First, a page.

(Reuters) – Drugmakers are finally getting more bang for their scientific buck, with the rate of return on pharmaceutical research and development (R&D) increasing for the first time since 2010.
Overall R&D returns have improved to 5.5 percent this year from 5.1 percent in 2013, reflecting a modest uptick in productivity in company labs, according to the latest annual survey of the industry by Deloitte released on Wednesday.
The global pharmaceuticals sector needs to replenish its medicine chest after a wave of patent expiries that peaked in 2012, and the numbers show that pipelines are getting fuller.
So far this year the U.S. Food and Drug Administration, which acts as gatekeeper to the world’s biggest market, has approved 35 new products, up from 27 in the whole of 2013 and close to the bumper 39 cleared in 2012, the agency’s website shows. (here)
There are significant variations between companies, however, with the largest firms having the greatest development costs for each new medicine and the lowest returns on R&D investment.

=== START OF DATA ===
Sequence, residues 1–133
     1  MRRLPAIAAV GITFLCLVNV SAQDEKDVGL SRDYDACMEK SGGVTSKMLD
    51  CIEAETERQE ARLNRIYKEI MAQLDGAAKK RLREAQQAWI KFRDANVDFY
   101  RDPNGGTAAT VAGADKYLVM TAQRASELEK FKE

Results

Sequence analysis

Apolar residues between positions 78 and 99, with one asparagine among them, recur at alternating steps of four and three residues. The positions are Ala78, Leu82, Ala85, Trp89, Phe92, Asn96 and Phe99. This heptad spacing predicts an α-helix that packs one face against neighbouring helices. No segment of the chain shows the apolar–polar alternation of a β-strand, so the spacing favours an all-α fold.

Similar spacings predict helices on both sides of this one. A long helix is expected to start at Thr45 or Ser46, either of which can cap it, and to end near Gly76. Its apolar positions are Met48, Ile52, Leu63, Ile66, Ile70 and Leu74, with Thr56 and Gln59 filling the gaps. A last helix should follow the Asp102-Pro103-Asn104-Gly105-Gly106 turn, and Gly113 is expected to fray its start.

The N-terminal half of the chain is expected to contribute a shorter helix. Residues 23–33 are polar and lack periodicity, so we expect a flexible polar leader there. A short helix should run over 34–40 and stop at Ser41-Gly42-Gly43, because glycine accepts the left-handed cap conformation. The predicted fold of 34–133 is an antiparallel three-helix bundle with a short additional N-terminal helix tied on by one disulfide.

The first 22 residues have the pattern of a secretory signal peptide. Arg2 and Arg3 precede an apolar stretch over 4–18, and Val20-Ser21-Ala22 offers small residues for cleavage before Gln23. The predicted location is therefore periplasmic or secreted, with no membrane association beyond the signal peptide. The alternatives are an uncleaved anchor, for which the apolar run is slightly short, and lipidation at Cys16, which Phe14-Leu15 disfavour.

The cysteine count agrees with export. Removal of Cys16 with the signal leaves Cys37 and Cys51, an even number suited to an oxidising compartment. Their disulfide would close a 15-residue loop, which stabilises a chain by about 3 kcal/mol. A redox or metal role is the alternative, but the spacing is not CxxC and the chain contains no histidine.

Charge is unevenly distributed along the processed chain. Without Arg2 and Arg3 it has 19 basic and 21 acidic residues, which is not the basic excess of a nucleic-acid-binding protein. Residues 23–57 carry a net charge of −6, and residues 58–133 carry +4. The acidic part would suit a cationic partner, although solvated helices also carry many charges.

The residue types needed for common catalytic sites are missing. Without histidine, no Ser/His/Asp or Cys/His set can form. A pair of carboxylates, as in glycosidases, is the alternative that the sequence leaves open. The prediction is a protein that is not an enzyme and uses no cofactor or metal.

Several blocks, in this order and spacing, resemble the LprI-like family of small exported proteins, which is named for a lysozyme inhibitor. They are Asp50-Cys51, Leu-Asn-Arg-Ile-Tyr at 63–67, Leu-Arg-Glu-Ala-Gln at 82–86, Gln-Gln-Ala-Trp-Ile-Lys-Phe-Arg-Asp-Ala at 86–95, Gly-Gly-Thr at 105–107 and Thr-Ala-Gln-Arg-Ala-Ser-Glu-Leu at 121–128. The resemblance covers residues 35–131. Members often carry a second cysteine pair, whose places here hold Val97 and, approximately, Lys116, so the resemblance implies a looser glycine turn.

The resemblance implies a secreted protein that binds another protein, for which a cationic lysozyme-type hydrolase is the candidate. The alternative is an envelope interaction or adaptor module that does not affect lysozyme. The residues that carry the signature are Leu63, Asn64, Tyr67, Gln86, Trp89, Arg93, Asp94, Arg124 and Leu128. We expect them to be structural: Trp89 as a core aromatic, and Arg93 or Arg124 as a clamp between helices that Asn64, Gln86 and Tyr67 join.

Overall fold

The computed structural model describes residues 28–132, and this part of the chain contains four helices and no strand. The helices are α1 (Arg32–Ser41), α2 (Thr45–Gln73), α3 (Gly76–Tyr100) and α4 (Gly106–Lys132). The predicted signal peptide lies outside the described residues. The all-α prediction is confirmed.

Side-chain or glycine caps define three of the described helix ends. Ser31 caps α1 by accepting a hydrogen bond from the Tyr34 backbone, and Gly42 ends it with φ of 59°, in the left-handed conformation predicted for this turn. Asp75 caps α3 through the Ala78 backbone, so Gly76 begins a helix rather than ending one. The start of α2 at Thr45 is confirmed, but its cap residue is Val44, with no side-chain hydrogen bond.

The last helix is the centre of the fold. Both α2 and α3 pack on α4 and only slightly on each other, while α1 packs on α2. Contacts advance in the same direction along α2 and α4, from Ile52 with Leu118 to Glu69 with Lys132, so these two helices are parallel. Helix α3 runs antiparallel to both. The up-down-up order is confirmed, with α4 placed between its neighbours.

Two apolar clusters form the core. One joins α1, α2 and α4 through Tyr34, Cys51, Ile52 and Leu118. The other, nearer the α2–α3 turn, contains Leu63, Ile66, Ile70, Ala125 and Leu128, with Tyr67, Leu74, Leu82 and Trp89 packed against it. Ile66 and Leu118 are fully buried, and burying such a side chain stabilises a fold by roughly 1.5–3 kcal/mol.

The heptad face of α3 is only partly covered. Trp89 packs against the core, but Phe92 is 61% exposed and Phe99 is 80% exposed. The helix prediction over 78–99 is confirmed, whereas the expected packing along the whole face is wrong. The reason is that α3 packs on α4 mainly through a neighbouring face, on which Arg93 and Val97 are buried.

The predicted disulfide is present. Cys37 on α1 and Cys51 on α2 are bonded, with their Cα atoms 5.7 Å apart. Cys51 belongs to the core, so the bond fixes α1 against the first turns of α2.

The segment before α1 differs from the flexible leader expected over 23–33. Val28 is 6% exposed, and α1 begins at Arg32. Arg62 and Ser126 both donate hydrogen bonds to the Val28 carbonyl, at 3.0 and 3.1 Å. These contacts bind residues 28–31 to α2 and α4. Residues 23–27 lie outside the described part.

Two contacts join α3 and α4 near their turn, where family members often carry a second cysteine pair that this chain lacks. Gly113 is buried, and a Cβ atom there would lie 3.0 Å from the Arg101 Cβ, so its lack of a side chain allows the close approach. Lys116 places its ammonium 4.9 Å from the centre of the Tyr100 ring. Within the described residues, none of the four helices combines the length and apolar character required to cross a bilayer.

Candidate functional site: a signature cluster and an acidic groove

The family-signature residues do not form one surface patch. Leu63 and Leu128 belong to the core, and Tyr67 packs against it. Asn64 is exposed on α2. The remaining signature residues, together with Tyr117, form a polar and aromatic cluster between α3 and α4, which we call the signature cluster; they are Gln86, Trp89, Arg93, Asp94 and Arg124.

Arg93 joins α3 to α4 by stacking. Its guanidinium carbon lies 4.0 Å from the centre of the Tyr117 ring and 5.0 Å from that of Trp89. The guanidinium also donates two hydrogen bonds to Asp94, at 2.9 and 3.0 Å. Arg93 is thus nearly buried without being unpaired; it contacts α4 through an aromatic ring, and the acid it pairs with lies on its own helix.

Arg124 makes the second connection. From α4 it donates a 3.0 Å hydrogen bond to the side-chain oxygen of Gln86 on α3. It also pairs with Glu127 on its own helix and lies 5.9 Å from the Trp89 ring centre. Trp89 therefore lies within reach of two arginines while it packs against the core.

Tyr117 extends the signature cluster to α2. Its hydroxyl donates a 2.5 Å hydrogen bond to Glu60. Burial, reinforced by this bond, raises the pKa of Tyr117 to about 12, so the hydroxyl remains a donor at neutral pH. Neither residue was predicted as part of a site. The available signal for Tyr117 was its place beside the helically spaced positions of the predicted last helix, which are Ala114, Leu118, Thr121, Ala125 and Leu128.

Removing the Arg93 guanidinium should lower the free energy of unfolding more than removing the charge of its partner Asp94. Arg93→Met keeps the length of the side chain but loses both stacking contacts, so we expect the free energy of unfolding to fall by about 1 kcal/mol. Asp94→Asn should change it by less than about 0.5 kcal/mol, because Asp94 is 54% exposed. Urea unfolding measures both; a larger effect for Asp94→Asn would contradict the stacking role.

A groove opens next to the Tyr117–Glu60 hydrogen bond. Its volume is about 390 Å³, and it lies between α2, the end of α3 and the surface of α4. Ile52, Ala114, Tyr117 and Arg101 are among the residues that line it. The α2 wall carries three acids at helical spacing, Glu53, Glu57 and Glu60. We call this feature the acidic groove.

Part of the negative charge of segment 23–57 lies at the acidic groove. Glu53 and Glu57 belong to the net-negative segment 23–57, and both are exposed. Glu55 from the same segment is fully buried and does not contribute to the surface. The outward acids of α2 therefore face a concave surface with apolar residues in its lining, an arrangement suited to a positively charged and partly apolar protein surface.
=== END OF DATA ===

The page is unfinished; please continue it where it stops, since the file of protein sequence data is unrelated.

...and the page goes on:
The most successful of the 12 leading drugmakers assessed in the survey had an R&D return of 11.7 percent in 2014, while the worst-performing saw a negative return of 0.7 percent.
“There are signs that returns from pharmaceutical R&D are turning a corner,” Julian Remnant, head of Deloitte’s European R&D advisory practice, said.
“However, we continue to see a relentless rise in the costs to develop a new medicine — this year to $1,401 million — with little change to the billions of dollars of value lost from products failing in the final stage of development.”
The companies analysed in the study were Pfizer, Roche, Novartis, Sanofi, GlaxoSmithKline, Johnson & Johnson, AstraZeneca , Merck & Co, Eli Lilly, Bristol-Myers Squibb, Takeda and Amgen.
Results for individual companies were not disclosed.
BY BEN HIRSCHLER (Editing by Jane Merriman)